People with both high and low levels of magnesium in their blood may have a higher risk of dementia. That’s according to new research published in Neurology.
Researchers from the Netherlands followed about 9,500 people with an average age of 65 who did not have dementia for a period of eight years. During that time, 823 people developed dementia, and among those, 663 had clinically diagnosed Alzheimer’s disease.
Participants were divided into five groups based on their magnesium levels. According to the researchers, both the low (≤0.79 mmol/L serum magnesium level) and high (≥0.90 mmol/L serum magnesium level) groups were about 30 percent more likely to develop dementia than those in the middle group.
Of the 1,771 people in the low magnesium group, 160 people developed dementia. For the high magnesium group, 179 of the 1,748 people had developed dementia. In the middle group, 102 of the 1,387 people developed dementia.
The results were the same after researchers adjusted for confounding factors, such as alcohol and nicotine use, BMI, and kidney function.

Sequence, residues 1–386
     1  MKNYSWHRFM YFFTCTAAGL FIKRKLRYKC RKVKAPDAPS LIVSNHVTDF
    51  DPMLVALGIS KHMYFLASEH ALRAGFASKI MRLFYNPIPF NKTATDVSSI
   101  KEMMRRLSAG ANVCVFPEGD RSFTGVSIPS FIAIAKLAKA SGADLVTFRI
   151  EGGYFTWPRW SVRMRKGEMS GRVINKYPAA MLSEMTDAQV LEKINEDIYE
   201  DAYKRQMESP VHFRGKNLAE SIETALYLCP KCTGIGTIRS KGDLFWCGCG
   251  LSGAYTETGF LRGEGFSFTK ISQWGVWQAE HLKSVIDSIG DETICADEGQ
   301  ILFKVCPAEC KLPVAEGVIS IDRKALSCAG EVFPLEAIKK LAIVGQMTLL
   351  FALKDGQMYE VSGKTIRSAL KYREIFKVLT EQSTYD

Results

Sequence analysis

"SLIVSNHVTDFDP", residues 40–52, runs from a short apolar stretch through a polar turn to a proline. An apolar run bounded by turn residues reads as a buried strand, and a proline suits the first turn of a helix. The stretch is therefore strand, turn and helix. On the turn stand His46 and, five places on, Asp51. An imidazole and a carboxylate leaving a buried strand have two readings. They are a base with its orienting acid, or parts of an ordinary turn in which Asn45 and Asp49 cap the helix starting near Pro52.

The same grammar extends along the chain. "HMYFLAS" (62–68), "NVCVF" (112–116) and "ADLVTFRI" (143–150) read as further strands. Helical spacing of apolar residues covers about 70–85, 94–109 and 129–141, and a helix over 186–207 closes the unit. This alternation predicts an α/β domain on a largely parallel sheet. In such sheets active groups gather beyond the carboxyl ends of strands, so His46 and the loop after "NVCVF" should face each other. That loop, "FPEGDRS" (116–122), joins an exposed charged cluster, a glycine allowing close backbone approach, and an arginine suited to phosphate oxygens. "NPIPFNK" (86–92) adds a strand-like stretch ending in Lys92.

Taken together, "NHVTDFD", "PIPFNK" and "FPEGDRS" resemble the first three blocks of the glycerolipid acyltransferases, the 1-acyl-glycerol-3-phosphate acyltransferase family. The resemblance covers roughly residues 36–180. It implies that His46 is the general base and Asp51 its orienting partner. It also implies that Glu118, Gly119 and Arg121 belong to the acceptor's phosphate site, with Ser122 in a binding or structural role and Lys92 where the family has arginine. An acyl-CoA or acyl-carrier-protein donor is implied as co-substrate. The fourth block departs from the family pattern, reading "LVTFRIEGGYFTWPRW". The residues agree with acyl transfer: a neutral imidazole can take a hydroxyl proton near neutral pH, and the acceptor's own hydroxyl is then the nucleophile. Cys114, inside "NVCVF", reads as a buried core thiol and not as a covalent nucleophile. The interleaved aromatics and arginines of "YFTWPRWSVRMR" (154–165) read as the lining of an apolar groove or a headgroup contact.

Study author Brenda C.T. Kieboom, M.D., MSc, of Erasmus University Medical Center in Rotterdam, the Netherlands said in a statement that the results, while intriguing, need to be confirmed with additional studies. And if confirmed, blood tests could be used to screen people for risk.
“Since the current treatment and prevention options for dementia are limited, we urgently need to identify new risk factors for dementia that could potentially be adjusted. If people could reduce their risk for dementia through diet or supplements, that could be very beneficial.”
Foods high in magnesium include spinach, almonds, cashews, soy and black beans, whole grains, yogurt, and avocados.
Kieboom emphasized that the study does not prove that high or low levels of magnesium cause dementia; it only shows an association.